Giraffe Adaptation

By Savannah Raine; Updated April 24, 2017
Giraffes are well-equipped for survival.

Physically and behaviorally well-suited to their environment, giraffes are an extraordinary example of adaptation in the animal world. Inhabiting grasslands and open woodlands throughout sub-Saharan Africa and towering up to 19 feet, giraffes are the world’s tallest mammals, weighing an average of 2,800 lbs. Their specialized anatomies facilitate feeding, social hierarchy and defense. With hearts beating at double normal pressure and lungs vastly larger than those of humans but breathing at a much slower rate, giraffes are a marvel of survival and design.


Because of their necks, giraffes can feed where other animals can not.

Giraffes’ eight-foot necks allow them to reach feeding places that other herbivores can’t, according to California’s Oakland and Santa Barbara Zoos. WhoZoo, a Texas Wesleyan University website, discounts this theory, citing that giraffes spend half their time grazing below shoulder level. WhoZoo says that giraffes' long necks are a result of sexual selection because bulls use them extensively in “necking,” or battling over females. This might explain why males’ necks continue to grow after maturity while females’ necks do not.


A giraffe is a formidable opponent in a fight.

Towering over predators and striking out with their forefeet delivering savage blows, giraffes are well-equipped to combat danger. Their forelegs are only one-tenth longer than their hind legs, making them a formidable defense. Despite the much lengthier appearance of the forelegs, this is all the additional protection they need. When their 35 mph speed is insufficient to outrun attackers, giraffes’ legs afford them added defense in the form of extremely tough skin and inner fibrous connective tissue that prevents wounds from excessively bleeding.

Mouth and Tongue

Giraffes have specialized tongues.

With specialized mouths, tongues and upper palates, giraffes are undeterred by thorns, devouring up to 140 lbs. of fresh vegetation daily, according to the Oakland Zoo. The animals easily process thorny foods because of their leathery mouths, thick gluey saliva and 18-inch prehensile muscular tongues, the strongest in mammals. Giraffes are ruminants (animals that re-chew partially processed food sent back up from the stomach) and their stomachs have four chambers. They graze 16 to 20 hours per day. They’re well-adapted to drought and can go a month without water, relying on the water content of their food and morning dew.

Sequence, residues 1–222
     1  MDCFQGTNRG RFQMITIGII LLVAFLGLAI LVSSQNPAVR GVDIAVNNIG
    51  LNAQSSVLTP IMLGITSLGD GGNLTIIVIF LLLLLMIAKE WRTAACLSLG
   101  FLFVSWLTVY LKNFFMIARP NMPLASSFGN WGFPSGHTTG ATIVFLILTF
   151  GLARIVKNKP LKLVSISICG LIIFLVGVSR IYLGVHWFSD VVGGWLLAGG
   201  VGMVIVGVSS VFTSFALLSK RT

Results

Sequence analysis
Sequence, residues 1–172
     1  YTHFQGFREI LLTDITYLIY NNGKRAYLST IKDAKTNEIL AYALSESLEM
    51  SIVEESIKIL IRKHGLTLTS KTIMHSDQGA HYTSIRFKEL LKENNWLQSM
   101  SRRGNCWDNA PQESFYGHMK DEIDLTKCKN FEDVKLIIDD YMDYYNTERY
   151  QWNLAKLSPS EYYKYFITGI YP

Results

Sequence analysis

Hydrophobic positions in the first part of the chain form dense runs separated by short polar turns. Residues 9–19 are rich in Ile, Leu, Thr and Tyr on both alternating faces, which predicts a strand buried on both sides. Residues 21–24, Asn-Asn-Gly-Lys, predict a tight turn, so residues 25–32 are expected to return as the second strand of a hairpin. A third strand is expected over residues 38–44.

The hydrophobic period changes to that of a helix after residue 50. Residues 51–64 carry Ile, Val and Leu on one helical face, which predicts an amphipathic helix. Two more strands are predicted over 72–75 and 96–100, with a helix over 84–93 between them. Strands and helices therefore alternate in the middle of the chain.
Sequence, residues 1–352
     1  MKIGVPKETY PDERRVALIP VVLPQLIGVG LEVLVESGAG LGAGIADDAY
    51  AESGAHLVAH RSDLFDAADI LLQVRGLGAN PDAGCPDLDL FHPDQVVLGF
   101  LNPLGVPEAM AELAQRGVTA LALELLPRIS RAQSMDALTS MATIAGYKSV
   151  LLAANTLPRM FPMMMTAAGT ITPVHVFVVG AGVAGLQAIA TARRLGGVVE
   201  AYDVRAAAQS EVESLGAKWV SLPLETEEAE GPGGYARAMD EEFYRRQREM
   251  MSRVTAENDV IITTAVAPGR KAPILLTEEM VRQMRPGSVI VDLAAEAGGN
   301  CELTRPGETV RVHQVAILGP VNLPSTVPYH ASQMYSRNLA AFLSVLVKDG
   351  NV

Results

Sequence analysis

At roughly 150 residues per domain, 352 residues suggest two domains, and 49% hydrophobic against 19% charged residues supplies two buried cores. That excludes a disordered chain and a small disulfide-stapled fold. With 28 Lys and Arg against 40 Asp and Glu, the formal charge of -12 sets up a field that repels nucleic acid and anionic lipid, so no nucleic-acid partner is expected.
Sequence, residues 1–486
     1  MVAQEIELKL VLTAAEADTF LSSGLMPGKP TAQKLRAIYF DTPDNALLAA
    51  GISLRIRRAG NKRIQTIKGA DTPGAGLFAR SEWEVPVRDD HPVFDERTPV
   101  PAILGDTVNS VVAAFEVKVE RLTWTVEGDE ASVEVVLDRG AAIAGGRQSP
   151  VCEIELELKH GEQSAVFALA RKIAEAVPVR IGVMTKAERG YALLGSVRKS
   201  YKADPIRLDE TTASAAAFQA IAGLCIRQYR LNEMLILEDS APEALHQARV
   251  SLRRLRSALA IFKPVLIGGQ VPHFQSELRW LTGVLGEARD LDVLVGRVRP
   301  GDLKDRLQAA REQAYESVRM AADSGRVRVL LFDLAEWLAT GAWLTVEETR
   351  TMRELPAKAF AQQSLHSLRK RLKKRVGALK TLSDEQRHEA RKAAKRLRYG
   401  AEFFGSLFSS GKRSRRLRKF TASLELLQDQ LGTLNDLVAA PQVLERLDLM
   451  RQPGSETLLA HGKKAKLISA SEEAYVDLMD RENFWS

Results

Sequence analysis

The giraffe has the strongest heart in the animal kingdom.

Remarkably adapted to their physiology and lifestyle, the giraffe’s heart and circulatory system are the most powerful in the animal kingdom. The 2-foot, 24-pound heart requires at least double the normal pressure to pump blood the long way up into the brain. The blood-carrying carotid artery balloons, absorbing increased pressure when giraffes lower their heads. With heads raised, check valves in the jugular prevent sudden dangerous backflow from the head, avoiding unconsciousness and even death.


They have a surprisingly slow respiratory rate.

Although giraffes’ lungs are eight times the size of those in humans, their respiratory rate is only one-third the rate of human respiration. This lower rate allows them to avoid windburn to their 12-foot tracheas while inhaling their required massive volume of air. As giraffes breathe, previous oxygen-depleted breaths can’t be totally expelled. Consequently, there must be enough lung volume to make “bad air” a small percentage. “The Science Creative Quarterly” explains that without extra air-pumping capacity of oversize lungs, giraffes would breathe the same used air over and over again.

Additional Adaptations

His coloration acts as camoflauge.

Giraffes’ coloration blends well with their habitat, affording them some camouflage from predators. Their extreme long-range visual acuity helps them keep track of predators and enables communication with other giraffes over several miles.

About the Author

Based in Ontario Canada and writing since 1984, Savannah Raine is a former investigative journalist and freelance magazine feature writer who operated her own publishing company until 1996. Raine holds a Bachelor of Arts degree in journalism from Ryerson Polytechnic University in Toronto.